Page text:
Patient Priorities Should be Paramount when Measuring Quality in Cancer Care According to Panelists at NCCN Policy Summit
National Comprehensive Cancer Network hosts summit on defining, measuring, and applying quality in an evolving health policy landscape and the implications for cancer care. #NCCNPolicy
WASHINGTON, Sept. 12, 2019 /PRNewswire/ -- The National Comprehensive Cancer Network (NCCN) hosted a policy summit at the National Press Club in Washington, DC, today, addressing how to define, measure, and apply quality in cancer care. Speakers across the cancer care continuum shared perspectives on current quality measurement initiatives including the Oncology Care Model and the Merit-based Incentive Payment System (MIPS), and looked ahead to future trends in this area.
"A lot of effort has already gone toward measuring quality via various reporting programs in order to improve performance," said Ronald S. Walters, MD, MBA, MHA, MS, Associate Head for the Institute for Cancer Care Innovation, The University of Texas MD Anderson Cancer Center, and Chair, NCCN Board of Directors. "However, there are still many opportunities to expand quality metrics in order to make them more relevant and meaningful for both providers and patients. Feasible and low-burden measures need to represent quality across the continuum of care, and be as coordinated and non-fragmented as possible. This summit gives us a chance to discuss the current status for quality measurement programs while also thinking about what we may need in the future."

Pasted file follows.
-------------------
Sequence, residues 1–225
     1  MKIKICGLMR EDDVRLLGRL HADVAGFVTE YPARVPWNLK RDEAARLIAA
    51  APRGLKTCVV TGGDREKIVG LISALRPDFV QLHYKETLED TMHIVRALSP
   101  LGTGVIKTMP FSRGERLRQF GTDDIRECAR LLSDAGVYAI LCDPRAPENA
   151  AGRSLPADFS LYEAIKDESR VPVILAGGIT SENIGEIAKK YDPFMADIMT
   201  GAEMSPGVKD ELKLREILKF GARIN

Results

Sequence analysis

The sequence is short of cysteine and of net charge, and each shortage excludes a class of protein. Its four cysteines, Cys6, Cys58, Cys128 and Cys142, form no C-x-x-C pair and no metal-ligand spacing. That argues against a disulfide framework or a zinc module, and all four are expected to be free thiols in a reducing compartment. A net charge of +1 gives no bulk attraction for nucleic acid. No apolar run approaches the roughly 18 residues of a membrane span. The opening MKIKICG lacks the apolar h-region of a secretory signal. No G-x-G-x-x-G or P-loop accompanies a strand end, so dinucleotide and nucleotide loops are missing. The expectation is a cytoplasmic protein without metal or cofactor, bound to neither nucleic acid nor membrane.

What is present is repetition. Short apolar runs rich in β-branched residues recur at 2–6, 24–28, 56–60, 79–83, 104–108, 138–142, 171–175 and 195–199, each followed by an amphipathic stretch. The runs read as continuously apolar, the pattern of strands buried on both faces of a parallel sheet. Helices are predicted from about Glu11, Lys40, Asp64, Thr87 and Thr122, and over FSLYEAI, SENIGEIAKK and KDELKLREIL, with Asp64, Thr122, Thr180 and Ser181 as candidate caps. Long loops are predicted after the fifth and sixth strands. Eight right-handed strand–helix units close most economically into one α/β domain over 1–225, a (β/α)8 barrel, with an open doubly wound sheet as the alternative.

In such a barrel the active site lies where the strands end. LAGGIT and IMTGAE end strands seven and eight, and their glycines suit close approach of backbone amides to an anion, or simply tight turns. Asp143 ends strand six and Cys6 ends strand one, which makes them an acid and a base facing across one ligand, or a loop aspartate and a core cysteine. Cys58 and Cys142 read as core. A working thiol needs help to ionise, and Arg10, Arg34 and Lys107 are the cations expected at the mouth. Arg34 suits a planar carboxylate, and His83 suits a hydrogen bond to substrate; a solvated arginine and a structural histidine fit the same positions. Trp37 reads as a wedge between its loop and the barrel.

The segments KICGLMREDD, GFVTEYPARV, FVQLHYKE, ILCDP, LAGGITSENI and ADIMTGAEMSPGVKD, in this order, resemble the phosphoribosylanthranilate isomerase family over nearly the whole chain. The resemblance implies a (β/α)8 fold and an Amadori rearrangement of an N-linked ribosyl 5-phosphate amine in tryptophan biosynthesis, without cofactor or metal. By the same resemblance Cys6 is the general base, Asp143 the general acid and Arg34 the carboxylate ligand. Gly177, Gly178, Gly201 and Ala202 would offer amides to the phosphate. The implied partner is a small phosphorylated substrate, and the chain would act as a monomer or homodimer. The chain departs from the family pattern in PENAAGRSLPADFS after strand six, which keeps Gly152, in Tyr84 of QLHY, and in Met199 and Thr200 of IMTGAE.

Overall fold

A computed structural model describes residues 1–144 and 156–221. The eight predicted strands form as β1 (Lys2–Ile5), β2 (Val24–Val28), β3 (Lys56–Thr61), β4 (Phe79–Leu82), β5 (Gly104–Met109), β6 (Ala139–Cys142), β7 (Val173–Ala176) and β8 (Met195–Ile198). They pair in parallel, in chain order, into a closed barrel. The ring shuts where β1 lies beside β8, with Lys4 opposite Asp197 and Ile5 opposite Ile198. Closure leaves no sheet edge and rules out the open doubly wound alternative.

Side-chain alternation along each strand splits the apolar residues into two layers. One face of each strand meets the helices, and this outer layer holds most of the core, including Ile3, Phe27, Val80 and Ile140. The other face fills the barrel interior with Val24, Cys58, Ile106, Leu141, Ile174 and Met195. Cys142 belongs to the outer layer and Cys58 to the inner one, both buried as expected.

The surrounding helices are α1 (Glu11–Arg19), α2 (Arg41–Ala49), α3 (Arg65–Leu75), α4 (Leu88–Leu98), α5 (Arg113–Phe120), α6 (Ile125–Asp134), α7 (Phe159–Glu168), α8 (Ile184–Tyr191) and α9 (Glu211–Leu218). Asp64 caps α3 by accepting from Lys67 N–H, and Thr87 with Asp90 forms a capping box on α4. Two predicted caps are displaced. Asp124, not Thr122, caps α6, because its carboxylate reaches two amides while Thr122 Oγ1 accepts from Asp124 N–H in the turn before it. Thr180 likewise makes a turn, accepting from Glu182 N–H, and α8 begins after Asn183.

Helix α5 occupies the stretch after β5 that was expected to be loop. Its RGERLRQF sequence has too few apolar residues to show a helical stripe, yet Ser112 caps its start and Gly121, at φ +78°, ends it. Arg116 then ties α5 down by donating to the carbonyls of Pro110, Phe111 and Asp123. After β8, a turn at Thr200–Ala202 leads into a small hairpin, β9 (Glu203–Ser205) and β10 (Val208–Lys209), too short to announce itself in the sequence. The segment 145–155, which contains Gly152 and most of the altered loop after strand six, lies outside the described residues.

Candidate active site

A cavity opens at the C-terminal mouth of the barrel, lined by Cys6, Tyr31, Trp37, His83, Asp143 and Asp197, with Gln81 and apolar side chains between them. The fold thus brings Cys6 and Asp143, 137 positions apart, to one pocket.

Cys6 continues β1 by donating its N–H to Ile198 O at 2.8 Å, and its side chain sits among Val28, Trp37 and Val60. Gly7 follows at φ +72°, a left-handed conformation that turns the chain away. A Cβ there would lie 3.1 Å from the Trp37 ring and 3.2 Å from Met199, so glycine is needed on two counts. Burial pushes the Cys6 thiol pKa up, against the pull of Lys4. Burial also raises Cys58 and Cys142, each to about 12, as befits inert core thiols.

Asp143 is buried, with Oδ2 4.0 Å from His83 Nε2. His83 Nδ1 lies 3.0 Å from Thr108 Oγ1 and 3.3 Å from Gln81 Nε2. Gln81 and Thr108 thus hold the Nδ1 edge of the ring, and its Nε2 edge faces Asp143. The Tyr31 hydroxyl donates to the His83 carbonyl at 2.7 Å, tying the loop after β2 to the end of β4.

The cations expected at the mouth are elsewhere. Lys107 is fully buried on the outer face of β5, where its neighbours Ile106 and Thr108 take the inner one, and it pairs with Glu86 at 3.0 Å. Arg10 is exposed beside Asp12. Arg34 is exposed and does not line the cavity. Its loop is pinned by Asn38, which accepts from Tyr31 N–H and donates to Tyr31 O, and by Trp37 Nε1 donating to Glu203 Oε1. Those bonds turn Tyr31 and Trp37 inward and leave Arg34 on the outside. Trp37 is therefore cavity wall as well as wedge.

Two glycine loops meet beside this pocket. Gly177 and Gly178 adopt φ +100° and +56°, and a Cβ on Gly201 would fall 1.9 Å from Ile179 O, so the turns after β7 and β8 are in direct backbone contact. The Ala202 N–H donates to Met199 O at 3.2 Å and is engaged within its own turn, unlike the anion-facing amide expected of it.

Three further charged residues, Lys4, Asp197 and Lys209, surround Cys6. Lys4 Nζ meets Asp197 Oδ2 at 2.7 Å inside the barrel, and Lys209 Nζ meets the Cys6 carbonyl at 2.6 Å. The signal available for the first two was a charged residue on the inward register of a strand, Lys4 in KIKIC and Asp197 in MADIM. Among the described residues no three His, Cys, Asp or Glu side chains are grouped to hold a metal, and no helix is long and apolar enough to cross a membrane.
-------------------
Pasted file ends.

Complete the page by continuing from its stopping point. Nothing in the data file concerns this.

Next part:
Speakers discussed how quality measurement can serve as a tool for improving patient outcomes.
"Measuring the quality of cancer care that we deliver is essential for understanding current performance and outcomes and identifying any gaps in care," said Lawrence N. Shulman, MD, FACP, FASCO, Deputy Director for Clinical Services, Abramson Cancer Center at the University of Pennsylvania. "It's naïve to assume that our cancer care is excellent without measuring it. We must be thoughtful in choosing measures that are relevant to meaningful quality and linked to patient outcomes. Measurements should be easily attainable without adding administrative burdens—ideally by extracting them from electronic health records or cancer registries, rather than by manual chart abstraction—and must be repeatedly measured with an approach geared toward continuous process improvement."